Uncle Ben is “Stealing” from Grandma

Lost among all the talk of rising inflation and the effects of rising food costs on those who can least afford it (and the rest of us), is the cost to those who live off of savings and the interest from those savings.

The Fed has lowered rates by 3.25% since September (according to Yahoo Finance).  Money market accounts and CD’s that were paying over 4% interest last fall are paying around 2% now. I just had a client in my office this morning. Her money market account was giving her over $400/month last fall. The most recent month, she earned $157 on just about the same balance. Since she takes $400/month out per month, she is now eating into principal. Basically the Fed will cost her roughly $3,000 this year- in other words, in order to bail out imprudent home buyers, the Fed has stolen billions from retirees – as Jim Grant says, the prudent are bailing out the imprudent.

Another client, that came in yesterday, “paid” (the loss on interest) roughly $7,000 annualized due to this move. couple seniors on a fixed budget with decreasing interest returns and increasing living costs, and you get disaster. And just in case any of you “I feel sorry for the homeowner” types starts blabbing about their plight, let’s reexamine this issue again.

Let’s use a hypothetical scenario. A person wants to purchase a primary residence. let’s say this fellow can afford up to $1,200 per month (wonderful planning method on purchasing using “what can you afford? as a starting point – pure genious). He (yes i used “he” and not “he/she” which Strunk & White taught me was terribly poor writing style – besides ladies, this person is going to hypothetically do something dumb so be glad it’s a “he.”) looks at a condo costing $175,000. if he qualifies for a  6% loan, his payments will be $1,049.21 for a 30 year mortgage leaving him $150 or so per month for taxes.

However, he learns about an interesting loan idea – which will offer him 3% interest only for the first 3 years then convert to an adjustable rate loan. he learns that at 3%, his $1,200/month can get him a $400,000 loan because at 3%, his payments are only $1,000/month!!! Of course 3 years later, when rates adjust to the market level of 6%, his payments more than double and he can’t afford it. he then forecloses and cries to his congressman.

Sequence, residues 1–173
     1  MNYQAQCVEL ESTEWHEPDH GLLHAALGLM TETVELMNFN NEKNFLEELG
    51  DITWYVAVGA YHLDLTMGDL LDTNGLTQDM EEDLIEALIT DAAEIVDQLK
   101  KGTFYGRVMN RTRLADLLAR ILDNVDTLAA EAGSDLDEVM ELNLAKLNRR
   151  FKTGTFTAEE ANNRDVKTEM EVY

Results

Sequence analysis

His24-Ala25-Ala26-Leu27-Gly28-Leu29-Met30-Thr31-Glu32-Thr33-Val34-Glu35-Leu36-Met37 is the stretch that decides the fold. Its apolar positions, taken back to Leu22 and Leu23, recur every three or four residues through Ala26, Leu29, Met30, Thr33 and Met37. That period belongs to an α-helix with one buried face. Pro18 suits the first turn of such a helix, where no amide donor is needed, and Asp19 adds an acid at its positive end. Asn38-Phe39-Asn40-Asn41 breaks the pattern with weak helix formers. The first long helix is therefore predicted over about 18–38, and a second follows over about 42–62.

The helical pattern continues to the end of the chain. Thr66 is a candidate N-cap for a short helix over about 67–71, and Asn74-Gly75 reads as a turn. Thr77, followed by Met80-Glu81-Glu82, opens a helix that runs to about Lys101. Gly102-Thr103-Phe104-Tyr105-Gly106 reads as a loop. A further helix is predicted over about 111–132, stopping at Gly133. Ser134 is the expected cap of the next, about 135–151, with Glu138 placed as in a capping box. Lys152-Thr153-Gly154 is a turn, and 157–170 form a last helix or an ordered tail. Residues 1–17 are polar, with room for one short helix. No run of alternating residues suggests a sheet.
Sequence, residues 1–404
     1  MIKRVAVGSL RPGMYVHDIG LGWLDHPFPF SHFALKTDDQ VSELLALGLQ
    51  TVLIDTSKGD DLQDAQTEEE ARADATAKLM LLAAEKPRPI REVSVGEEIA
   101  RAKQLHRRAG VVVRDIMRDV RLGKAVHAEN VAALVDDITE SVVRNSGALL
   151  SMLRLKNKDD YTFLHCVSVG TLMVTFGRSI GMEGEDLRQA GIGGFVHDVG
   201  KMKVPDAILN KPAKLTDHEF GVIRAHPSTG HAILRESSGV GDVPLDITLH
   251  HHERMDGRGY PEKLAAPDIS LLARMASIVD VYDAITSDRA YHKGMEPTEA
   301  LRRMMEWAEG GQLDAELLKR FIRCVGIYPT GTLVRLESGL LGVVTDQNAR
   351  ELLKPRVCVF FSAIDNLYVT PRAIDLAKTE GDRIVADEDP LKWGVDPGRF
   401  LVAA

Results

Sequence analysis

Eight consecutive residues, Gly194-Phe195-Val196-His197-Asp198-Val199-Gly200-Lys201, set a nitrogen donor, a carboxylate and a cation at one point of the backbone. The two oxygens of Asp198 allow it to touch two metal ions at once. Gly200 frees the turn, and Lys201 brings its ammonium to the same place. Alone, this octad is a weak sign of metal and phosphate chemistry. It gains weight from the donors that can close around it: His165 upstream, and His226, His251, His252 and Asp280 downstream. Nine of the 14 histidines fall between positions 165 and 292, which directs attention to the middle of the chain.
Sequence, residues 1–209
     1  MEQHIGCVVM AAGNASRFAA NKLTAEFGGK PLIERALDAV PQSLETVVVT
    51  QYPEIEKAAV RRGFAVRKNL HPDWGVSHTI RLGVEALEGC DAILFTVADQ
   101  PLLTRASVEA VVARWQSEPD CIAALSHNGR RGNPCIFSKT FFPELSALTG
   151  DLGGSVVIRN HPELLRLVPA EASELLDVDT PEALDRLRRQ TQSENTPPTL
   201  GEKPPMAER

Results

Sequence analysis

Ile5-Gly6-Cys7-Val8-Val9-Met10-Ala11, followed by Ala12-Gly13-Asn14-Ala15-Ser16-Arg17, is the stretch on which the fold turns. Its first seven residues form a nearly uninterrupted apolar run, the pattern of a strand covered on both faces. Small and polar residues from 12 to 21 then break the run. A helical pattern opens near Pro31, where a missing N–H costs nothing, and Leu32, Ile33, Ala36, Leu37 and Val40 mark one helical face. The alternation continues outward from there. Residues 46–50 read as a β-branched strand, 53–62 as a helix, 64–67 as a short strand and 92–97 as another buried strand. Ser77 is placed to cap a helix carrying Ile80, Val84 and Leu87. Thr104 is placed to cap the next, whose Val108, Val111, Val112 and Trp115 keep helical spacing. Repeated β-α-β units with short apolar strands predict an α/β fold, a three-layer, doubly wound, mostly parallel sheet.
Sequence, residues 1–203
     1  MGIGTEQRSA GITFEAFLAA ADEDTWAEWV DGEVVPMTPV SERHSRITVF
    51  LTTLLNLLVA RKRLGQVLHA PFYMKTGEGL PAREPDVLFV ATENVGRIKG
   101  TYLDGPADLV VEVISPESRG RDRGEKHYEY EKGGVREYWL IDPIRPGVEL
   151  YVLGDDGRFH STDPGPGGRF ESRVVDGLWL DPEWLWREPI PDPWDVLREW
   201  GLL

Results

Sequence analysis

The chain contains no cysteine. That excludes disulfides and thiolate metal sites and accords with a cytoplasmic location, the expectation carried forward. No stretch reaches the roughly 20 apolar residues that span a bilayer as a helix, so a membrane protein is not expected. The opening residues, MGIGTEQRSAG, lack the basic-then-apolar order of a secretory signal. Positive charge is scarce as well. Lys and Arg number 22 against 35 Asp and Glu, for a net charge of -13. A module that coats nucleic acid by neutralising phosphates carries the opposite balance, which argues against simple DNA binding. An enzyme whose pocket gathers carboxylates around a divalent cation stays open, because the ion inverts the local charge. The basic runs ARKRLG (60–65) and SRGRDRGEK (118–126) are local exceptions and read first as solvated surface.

Sorry folks, but I don’t often feel sorry for adults. Especially when the decisions are in his control. he chose whether through greed, keeping up with the Joneses or simply not worrying about later times, to risk future economic pain. the seniors losing interest can do nothing ab0ut their predicament except be good soldiers and take one for the ‘team.’

I’ve had this debate a few times recently, and the people who disagree with me I find are those that feel sorry for everyone – no one ever deserves what they get in their eyes. I’ve made mistakes and I like to characterize the cost of my mistakes as “tuition.” I haven’t made those mistakes again (not surprisingly).  i think it would be a good lesson for our nation and those involved to learn financial responsibility and I don’t think you need to be ‘educated’ to know the difference. And by the way, ‘educated’ is a favorite word of the “bail them all out” contingent, somehow feeling that those who messed up with mortgages are ‘uneducated.’ I’d be willing to bet that some very smart people, along with some very dumb people screwed up here. It’s not a matter of ‘education,’ a left-brain intellectual issue. It is more a matter of greed, envy, lack of patience in wanting something NOW (like an incorrigible child), or having a pollyanna view of the future  – it is actually an emotional ‘right-brain’ mistake.

And it is absolutely proper not to bail out such foolishness, especially at such a cost to those who saved diligently and need those savings to earn interest to live.

7.4.08 – Editor’s Note: The Fed is costing us money again – read HERE

Chris Grande


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